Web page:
February 15, 2011
From: Laura J. Woodard, Director of Media Relations
Artist of all trades: ULM Guitar Festival features Spencer Bohren Feb 14-18
They say a prophet is never recognized in his own hometown.
And a look at the itinerary of New Orleans-based performer Spencer Bohren, where the folklorist, lecturer and artisan is just as likely to be singing and sharing with elementary students in Memphis as standing on a festival stage in south Louisiana, speaks to the old saying's authenticity.
But Bohren's four decades as a "road scholar" means he has much to offer to many different groups of people, and soon the beneficiary of that knowledge will be the University of Louisiana at Monroe, as well as the community that ULM serves.
From Feb. 14-18, Bohren is ULM's Artist-in-Residence, the first such opportunity for Bohren at a Louisiana university, he says.
The idea was born after Bohren's performance last year at Enoch's Irish Pub and Café, a local institution legendary for featuring interesting live musical acts.
"I had taken a new faculty member and her friend to Enoch's to show the best of what Monroe offers in the way of entertainment," explained ULM Associate Professor C. Turner Steckline , who handles the Traveling Scholars Series for the Department of Communication.
The Series brings a wide range of communication scholars to campus each year to interact with students and deliver public lectures to the community.
"Spencer makes an impression on everybody who hears him," said Steckline. "Dr. Peggy Bowers expressed her desire to have him speak to her Mass Communication classes, which triggered ideas of the myriad ways he would work well, not only with our communications programs, but also across the university curriculum."
Soon thereafter, the ULM Speech & Debate Forum, a Department of Communication Student Organization, collaborated with the School of Visual and Performing Arts at ULM to bring the renaissance scholar-artist to campus.
Bohren has developed a performance/lecture/workshop schedule that sheds light on the origins and development of the traditional American music he celebrates with his audiences. He also has created eclectic art work, which will be exhibited at ULM's Bry Gallery during his week-long residency.
His week culminates with a concert, "Down the Dirt Road Blues," that begins at 7:30 p.m., Thursday, Feb. 17 in the Emy-Lou Biedenharn Recital Hall. Bohren's visit also coincides with ULM's first ever guitar festival, to be held Feb. 16-18.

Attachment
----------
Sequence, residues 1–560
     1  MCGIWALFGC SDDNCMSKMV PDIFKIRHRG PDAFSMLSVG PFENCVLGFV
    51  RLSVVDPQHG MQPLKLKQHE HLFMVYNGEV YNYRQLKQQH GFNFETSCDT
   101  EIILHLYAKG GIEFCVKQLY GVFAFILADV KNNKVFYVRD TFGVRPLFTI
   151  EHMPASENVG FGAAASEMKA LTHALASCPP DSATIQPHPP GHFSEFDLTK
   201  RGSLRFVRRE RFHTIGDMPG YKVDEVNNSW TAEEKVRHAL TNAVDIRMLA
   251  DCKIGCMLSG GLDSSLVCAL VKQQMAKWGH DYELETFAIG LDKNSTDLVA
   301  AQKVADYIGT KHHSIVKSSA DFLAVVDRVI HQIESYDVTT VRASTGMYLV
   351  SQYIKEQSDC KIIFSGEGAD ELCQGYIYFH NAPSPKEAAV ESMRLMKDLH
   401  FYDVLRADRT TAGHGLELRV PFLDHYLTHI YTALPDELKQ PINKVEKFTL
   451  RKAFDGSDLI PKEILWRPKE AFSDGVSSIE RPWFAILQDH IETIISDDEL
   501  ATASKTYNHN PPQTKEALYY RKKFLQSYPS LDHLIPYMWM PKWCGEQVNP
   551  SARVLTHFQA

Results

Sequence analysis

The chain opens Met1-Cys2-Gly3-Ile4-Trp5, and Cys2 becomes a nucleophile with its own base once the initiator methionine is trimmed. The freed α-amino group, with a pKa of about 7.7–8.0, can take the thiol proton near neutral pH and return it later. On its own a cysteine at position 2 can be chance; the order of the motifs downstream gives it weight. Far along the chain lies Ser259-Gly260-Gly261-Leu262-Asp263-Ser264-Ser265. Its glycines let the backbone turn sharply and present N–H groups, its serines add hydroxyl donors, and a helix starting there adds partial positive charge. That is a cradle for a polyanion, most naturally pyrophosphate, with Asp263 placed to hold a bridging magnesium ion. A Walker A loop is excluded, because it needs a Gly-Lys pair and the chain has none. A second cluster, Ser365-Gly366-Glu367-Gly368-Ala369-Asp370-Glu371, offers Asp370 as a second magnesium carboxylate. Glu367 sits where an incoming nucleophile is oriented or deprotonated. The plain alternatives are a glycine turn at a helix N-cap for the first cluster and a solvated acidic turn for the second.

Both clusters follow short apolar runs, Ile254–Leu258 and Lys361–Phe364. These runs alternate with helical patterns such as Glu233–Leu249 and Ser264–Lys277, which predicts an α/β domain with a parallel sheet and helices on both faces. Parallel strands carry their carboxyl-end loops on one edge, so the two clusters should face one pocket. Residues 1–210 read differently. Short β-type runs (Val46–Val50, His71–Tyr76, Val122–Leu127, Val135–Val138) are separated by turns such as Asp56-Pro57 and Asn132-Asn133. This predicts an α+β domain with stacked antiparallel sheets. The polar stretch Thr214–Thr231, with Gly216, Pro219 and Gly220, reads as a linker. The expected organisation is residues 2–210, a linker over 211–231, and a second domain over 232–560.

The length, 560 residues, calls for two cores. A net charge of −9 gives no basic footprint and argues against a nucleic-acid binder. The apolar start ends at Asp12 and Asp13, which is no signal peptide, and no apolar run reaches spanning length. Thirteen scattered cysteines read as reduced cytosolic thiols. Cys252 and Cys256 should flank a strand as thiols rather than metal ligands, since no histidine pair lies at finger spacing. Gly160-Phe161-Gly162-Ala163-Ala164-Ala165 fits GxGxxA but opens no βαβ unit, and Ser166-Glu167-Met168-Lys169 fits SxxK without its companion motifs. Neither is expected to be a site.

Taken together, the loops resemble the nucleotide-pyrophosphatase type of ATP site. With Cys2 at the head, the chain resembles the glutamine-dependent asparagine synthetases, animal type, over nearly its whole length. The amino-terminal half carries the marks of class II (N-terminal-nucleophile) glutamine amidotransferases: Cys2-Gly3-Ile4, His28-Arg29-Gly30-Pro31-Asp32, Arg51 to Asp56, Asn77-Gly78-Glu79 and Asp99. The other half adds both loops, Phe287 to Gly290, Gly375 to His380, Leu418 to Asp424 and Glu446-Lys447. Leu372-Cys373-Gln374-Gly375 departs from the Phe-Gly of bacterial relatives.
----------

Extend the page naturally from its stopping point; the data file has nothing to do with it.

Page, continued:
As a musician and artist, Bohren's ability to translate his experiences into learning opportunities for others is remarkable. It is a gift he shares willingly, even as he acknowledges his attitude is often not shared by musical colleagues.
"There's the cliché that those who can, do, and those who can't, teach. But when you are teaching you have a real ability to impact other human beings," he said. "I find you get so much more from sharing your gift. And it will, inevitably, come back to you in a postive way."
If Bohren's outlook leans spiritual rather than post-modernistic, perhaps it's the influence of his rural Wyoming upbringing and a conservative Baptist mother and father who loved to sing.
"My musical taproot would definitely be gospel," Bohren said. "I always joke that my mother wasn't concerned with whether she had boys or girls, just sopranos or altos."
And when the nearest town of any size is miles away, traveling is not just a luxury for an adventuresome spirit, it is a necessity. From September to December 2010 alone, Bohren logged some 16,000 miles in a 26-state tour.
"I enjoy the view through the windshield like some people enjoy the view through their television," Bohren said. "I've been fortunate to travel the world "» But of all the places I've been, the U.S. is still the most spectacular, geologically speaking."
Bohren was hooked into the educational component of his career through a professor at the University of Kentucky, who convinced him years ago he could teach art music history.
"I wouldn't say it was daunting, I'd say it was terrifying at first," said Bohren, laughing. "ULM is discovering the ways I can share what I know across their curriculum, so I'm really pleased with what's happening in Monroe."